Anxiety Symptoms in Children
A child will have many experiences that can make them feel scared or worried. A certain level of anxiety is normal, and even healthy, for everyone including children. When anxiety or worry becomes excessive, affecting a child’s everyday life, is when it becomes an issue.
What is Anxiety in Children?
Anxiety is not always a problem, and can even be helpful in certain situations. For example, if you feel a certain level of anxiety before a test, it can help you be better prepared. Anxiety is also what allows our body to have the fight or flight reaction in the event of perceived or actual danger.
It is normal for a child to feel a certain amount of anxiety, even more so than adults, because they are trying to make sense of the world around them. It is normal for a child to be worried when changing school, if they have a test, or if they have an important sporting event. It becomes an issue when children feel a lot of distress that disrupts their day-to-day life.
Among children, anxiety is the most commonly diagnosed mental illness. It is possible for children to have a combination of anxiety and another mental illness or more than one type of anxiety.
Childhood anxiety disorders include:
- General Anxiety Disorder (GAD) – worrying more than normal about school work, family problems, performance in sports and their relationships with peers.
- Panic Disorder – has unexpected panic attack that has no real explanation
- Obsessive-Compulsive Disorder (OCD) – obsessive thoughts that cause compulsive behaviors like counting everything or excessively washing hands.
- Posttraumatic Stress Disorder (PTSD) – develops after a child has experienced or witnessed a traumatic event.
- Separation anxiety disorder – when separated from the parent, the child reacts negatively and is inconsolable.
- Social anxiety disorder – extreme fears related to participating in class or socializing with peers.
- Selective mutism – child will refuse to talk in certain situations
- Specific phobias – an irrational fear of objects or situations
What Are Anxiety Symptoms in Children?
A lot of times, we tend to attribute certain behaviors to kids just being kids. It can be hard to recognize whether the anxiety signs you are seeing in your child is considered an anxiety disorder. Anxiety presents itself in many ways, and it’s different for every child. Looking out for physical, emotional and behavioral signs of anxiety will help you know if you need to consult a medical professional.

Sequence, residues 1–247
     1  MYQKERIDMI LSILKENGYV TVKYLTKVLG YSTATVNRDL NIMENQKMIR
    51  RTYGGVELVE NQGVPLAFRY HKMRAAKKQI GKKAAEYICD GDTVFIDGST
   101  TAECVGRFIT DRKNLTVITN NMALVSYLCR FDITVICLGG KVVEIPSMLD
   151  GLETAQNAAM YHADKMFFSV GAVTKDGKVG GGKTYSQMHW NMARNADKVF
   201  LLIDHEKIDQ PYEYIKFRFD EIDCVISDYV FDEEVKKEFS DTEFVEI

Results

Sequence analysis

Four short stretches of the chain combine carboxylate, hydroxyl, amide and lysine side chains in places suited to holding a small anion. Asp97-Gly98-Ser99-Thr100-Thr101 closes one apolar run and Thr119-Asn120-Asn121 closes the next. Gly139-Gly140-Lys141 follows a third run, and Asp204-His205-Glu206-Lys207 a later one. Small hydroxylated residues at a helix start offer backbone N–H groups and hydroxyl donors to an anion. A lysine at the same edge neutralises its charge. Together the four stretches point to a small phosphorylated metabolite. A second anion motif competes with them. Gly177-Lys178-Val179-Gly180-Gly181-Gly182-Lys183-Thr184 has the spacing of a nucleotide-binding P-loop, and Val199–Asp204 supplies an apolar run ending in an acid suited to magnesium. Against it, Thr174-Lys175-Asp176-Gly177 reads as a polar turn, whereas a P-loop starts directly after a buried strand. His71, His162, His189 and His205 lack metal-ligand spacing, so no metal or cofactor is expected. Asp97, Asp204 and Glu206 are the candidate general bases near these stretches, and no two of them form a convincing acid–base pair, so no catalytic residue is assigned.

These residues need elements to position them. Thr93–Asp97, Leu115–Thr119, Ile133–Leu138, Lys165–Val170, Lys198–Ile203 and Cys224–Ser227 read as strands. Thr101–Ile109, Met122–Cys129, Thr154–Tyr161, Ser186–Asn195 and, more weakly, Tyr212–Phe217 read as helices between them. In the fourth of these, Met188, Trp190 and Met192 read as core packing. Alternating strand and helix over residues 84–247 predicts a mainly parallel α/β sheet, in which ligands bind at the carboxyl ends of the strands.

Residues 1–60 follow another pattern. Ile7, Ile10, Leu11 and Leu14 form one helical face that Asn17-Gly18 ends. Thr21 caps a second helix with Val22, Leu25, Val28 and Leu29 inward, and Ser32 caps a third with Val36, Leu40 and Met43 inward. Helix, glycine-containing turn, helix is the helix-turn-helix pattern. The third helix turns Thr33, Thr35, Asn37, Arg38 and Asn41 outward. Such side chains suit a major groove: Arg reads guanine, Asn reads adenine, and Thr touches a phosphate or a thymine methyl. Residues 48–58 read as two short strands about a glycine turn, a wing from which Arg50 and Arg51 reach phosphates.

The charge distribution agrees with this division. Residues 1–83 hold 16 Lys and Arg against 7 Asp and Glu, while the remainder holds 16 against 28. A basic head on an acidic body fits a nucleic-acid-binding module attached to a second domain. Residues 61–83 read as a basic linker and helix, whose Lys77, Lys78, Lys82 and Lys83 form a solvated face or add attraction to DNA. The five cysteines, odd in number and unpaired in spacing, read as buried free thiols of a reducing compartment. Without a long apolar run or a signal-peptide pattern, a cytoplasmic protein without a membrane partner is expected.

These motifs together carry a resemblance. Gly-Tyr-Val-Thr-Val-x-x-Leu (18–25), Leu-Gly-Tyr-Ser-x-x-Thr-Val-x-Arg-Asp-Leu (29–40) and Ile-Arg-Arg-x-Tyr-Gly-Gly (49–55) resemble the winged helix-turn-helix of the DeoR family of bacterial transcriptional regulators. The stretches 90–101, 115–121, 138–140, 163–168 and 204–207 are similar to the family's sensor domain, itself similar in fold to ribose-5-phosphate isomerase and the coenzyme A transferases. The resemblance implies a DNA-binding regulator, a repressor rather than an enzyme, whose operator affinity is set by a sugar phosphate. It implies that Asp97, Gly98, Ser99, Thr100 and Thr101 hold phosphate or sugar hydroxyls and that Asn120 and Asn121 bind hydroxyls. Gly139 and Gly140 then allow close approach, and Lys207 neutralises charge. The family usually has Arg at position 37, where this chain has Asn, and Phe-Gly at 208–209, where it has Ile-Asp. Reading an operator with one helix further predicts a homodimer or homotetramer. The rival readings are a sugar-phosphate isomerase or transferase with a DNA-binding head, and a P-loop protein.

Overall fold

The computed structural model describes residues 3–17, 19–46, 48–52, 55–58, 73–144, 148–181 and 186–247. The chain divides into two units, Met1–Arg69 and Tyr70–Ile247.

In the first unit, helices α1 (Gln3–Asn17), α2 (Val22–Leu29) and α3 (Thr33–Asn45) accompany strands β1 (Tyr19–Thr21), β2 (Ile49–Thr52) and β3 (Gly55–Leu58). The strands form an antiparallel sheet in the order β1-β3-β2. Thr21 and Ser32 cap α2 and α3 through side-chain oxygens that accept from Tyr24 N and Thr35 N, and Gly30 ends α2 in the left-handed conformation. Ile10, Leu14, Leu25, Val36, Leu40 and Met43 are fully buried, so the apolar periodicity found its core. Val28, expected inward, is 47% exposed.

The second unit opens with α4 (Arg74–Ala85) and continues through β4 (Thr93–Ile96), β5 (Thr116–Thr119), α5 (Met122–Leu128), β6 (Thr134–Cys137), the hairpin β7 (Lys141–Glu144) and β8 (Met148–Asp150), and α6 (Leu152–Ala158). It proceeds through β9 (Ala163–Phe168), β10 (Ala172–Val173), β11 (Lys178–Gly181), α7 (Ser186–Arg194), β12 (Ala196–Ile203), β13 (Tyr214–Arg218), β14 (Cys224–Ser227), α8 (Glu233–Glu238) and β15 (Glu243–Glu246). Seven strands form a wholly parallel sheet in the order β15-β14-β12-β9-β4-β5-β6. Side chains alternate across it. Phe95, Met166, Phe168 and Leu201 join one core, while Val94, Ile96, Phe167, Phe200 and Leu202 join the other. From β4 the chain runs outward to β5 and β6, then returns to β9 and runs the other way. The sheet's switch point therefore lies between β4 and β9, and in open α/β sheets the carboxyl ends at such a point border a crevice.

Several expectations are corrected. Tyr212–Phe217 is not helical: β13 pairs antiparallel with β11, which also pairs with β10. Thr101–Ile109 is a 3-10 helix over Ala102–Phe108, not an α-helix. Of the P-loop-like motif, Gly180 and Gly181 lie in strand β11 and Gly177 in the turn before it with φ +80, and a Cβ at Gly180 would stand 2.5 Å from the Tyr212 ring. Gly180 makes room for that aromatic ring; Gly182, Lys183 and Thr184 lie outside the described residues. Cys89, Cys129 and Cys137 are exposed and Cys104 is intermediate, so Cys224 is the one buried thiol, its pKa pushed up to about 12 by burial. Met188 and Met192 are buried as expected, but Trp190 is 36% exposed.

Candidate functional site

Physical Anxiety Signs:
- Often complains of headaches and or stomachaches that cannot be explained otherwise
- Will refuse to use the bathroom if they are not at home
- Does not want to eat when they are at school or daycare
- Has a hard time falling asleep, or won’t sleep through the night
- Trembling and perspiration in stressful situations
- Is restless, fidgety, or distracted
- Grinds teeth, tenses muscles constantly
Emotional Anxiety Signs:
- Is often sad and cries often
- Is very sensitive and easily hurt
- Can be very irritable, getting mad for no apparent reason
- Is always worried about making mistakes
- Has panic attacks
- Has many fears
- Excessive worry about things in their future, like starting a new school year
- Has nightmares
- Has a lot of meltdowns or tantrums
Behavioral Anxiety Signs:
- Will ask a lot of “what if” questions, for example, “what if our house catches fire”
- Does not participate in classroom activities
- When working as part of a group, will withdraw themselves and not talk
- Does not want to go to school
- During recess or lunch, they keep to themselves and don’t play with their peers
- Does not want to participate in sports clubs or social clubs
- Does not want to attend friends’ birthday parties or other activities
- Will react negatively to being separated from a parent or other caregiver
- Always needs to be reassured
- Says they can’t do something when there is no reason why they couldn’t
- Does not want to speak to certain people such as waitresses in restaurants
As you can see, anxiety can have many different symptoms and affects each child differently. These are some of the signs you can look out for, but if you suspect your child may have an anxiety disorder, it won’t hurt to speak to your family doctor. He will be able to evaluate the situation and refer you to a mental health specialist who can further diagnose and treat the issue.